At its Ignite 2019 conference this week, Microsoft moved to secure its Azure platform by extending its portfolio of cybersecurity offerings as well as enlisting the help of third-party security vendors.
Company CEO Satya Nadella told conference attendees that Microsoft is committed to building out an end-to-end cybersecurity architecture as it continues to extend the reach of its Azure platform beyond its own data centers. By way of example, he cited the endpoint detection and response (EDR) capabilities Microsoft provides in the form of Microsoft Defender Advanced Threat Protection (ATP), which leverages Azure to create a management plane for enforcing cybersecurity policies. That service is now being extended to include support for the macOS platform now in preview and support for Linux servers planned.
Microsoft this week also announced a public preview of Azure Firewall Manager and support for additional firewall deployment topologies, along with tools that make it easier to discover misconfigurations in the Azure cloud.
In addition, Microsoft updated Azure Sentinel to collect data from additional sources, including connectors to offerings from Zscaler, Barracuda Networks and Citrix. Microsoft is also making available threat-hunting queries and machine learning-based detections to help cybersecurity analysts prioritize significant events.
Nadella stressed that Microsoft would not be able to fulfill its end-to-end vision for cybersecurity without help from third-party vendors, especially those that embrace the Microsoft Security Graph framework for analyzing cybersecurity events.
Cybersecurity vendors that announced new offerings at Ignite this week included McAfee, which updated MVISION Cloud for Microsoft Azure to address compliance issues within the context of a DevSecOps process, and Unisys, which unfurled a Stealth(identity) software-as-a-service based on Azure to manage biometric identities.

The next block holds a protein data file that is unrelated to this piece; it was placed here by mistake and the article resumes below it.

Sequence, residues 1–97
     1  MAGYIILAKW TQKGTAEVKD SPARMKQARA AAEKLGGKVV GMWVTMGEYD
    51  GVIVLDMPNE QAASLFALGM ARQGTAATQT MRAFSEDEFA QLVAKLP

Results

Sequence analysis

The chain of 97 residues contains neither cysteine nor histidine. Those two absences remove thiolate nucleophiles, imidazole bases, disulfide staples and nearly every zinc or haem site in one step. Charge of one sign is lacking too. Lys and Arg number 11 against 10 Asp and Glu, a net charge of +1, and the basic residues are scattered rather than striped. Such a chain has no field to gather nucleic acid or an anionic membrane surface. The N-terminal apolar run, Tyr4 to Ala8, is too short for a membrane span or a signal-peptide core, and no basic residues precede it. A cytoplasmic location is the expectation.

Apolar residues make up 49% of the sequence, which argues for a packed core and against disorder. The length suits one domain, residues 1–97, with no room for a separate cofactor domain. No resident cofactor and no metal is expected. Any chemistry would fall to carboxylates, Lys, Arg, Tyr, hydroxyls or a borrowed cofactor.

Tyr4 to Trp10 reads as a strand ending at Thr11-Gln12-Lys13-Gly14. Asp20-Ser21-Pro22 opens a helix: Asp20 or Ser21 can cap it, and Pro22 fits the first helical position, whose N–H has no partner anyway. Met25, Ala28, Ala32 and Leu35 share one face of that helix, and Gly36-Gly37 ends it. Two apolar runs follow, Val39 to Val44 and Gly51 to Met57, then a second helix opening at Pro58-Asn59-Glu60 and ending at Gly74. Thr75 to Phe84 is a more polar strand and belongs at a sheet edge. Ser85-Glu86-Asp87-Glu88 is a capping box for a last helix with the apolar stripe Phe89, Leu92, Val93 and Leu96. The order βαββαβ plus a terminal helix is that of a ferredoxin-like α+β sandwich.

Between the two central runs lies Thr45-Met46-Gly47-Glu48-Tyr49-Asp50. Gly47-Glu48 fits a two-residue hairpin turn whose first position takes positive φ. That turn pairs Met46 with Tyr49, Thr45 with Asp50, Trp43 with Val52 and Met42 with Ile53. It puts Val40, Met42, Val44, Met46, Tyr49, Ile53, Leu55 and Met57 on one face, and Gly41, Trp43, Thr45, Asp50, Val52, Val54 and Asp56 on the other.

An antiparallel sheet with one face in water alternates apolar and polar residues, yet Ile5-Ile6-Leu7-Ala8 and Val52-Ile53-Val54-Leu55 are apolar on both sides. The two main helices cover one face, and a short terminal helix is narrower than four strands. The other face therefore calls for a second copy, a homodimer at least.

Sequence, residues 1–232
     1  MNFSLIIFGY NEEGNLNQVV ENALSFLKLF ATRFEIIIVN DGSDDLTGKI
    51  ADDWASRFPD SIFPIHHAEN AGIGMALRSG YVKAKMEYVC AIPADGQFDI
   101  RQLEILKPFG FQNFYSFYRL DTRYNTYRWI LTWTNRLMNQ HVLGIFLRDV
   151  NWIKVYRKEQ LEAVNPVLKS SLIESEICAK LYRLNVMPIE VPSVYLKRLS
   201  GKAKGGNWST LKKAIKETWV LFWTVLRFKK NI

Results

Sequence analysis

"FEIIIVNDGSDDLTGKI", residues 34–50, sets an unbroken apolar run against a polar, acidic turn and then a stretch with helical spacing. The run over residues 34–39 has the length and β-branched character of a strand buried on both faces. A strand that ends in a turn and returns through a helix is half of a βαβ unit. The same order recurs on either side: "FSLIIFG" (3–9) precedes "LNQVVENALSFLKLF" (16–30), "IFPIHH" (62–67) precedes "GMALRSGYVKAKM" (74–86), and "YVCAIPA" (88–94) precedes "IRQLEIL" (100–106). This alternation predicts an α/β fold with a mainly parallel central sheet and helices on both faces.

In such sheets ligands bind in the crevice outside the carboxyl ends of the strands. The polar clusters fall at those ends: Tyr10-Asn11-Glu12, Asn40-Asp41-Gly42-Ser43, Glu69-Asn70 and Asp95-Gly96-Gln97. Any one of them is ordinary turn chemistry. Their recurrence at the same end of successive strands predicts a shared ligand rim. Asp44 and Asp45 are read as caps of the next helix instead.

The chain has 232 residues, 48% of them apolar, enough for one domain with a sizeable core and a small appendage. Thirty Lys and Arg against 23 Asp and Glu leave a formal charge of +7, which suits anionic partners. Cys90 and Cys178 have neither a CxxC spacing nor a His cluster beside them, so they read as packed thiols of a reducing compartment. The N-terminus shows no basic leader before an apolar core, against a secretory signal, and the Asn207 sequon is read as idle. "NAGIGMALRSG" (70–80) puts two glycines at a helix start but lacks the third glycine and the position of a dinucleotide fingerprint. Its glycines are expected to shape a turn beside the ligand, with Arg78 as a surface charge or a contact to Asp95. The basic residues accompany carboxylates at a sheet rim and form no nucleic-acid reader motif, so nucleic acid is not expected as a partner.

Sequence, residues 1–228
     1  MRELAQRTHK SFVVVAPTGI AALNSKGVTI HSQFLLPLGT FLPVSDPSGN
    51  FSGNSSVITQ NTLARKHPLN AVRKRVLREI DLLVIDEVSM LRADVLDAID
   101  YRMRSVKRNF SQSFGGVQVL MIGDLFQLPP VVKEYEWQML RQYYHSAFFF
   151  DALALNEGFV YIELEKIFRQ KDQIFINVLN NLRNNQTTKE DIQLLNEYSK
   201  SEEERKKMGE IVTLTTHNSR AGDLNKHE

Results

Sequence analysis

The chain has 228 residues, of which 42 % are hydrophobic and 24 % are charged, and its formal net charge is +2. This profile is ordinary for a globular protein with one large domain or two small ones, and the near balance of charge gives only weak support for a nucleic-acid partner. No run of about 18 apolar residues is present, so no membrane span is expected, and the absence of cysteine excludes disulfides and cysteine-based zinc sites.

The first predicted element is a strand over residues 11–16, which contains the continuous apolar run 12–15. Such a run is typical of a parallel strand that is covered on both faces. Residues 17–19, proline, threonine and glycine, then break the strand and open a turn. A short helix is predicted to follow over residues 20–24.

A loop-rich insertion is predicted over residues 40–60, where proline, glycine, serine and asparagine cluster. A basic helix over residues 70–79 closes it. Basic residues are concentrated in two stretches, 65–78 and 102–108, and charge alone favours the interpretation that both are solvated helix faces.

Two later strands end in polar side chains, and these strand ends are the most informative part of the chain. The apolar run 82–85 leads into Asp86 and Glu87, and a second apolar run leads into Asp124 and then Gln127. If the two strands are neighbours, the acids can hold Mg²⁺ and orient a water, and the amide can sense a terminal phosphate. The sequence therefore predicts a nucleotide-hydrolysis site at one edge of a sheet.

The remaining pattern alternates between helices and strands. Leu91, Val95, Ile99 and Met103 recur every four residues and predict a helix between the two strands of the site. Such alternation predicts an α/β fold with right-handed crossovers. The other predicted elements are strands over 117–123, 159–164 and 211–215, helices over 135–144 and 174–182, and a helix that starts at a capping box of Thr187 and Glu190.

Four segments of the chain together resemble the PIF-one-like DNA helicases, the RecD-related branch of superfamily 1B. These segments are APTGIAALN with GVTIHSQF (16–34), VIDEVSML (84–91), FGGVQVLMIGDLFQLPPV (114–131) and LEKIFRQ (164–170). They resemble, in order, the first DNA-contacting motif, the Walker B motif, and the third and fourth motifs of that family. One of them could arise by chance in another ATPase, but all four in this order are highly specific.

Finally, Secureworks announced that its Red Cloak Threat Detection & Response service will leverage Microsoft Defender Advanced Threat Protection to improve detection of advanced attacks across endpoints, networks, the cloud and business applications.
Chris Bell, director, product management for Secureworks, said rather than asking organizations to deploy another agent, Secureworks is leveraging Microsoft’s presence to manage threats on a global basis. All that data is then shared with data science teams to combat threats proactively. That challenge, he said, is getting all those organizations still running legacy Windows platforms to upgrade to more modern platforms that are more secure such as Windows 10.
Nadella this week noted that more than $1 trillion in cybersecurity costs were incurred globally in 2018. Small-to-medium businesses and consumers bore the brunt of those costs, so Nadella said it’s the collective responsibility of the IT industry to protect the most vulnerable. That issue will become even more acute with more than 50 billion devices connected to the internet by 2023, said Nadella. There will also be some 500 million new applications deployed in that same time frame, with more than 175ZB of data in need of protection by 2025.
Naturally, Nadella sees Azure as “the world’s computer” playing a major role in providing that security. Less clear at this point, however, is how many organizations will share that vision at a time when IT environments are becoming more distributed than ever.